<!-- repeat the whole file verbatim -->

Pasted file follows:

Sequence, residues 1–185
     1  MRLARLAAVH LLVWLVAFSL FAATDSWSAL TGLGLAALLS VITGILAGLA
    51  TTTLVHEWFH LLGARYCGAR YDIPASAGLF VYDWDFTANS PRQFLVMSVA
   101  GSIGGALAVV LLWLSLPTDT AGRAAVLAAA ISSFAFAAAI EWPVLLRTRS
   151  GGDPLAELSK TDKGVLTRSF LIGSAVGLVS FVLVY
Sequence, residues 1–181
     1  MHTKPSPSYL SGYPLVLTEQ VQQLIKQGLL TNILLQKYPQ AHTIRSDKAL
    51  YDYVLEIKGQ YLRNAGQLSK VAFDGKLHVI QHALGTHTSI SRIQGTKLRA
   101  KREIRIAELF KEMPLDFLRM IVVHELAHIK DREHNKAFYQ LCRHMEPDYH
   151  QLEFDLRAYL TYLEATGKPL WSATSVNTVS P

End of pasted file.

Sequence, residues 1–185
     1  MRLARLAAVH LLVWLVAFSL FAATDSWSAL TGLGLAALLS VITGILAGLA
    51  TTTLVHEWFH LLGARYCGAR YDIPASAGLF VYDWDFTANS PRQFLVMSVA
   101  GSIGGALAVV LLWLSLPTDT AGRAAVLAAA ISSFAFAAAI EWPVLLRTRS
   151  GGDPLAELSK TDKGVLTRSF LIGSAVGLVS FVLVY
Sequence, residues 1–181
     1  MHTKPSPSYL SGYPLVLTEQ VQQLIKQGLL TNILLQKYPQ AHTIRSDKAL
    51  YDYVLEIKGQ YLRNAGQLSK VAFDGKLHVI QHALGTHTSI SRIQGTKLRA
   101  KREIRIAELF KEMPLDFLRM IVVHELAHIK DREHNKAFYQ LCRHMEPDYH
   151  QLEFDLRAYL TYLEATGKPL WSATSVNTVS P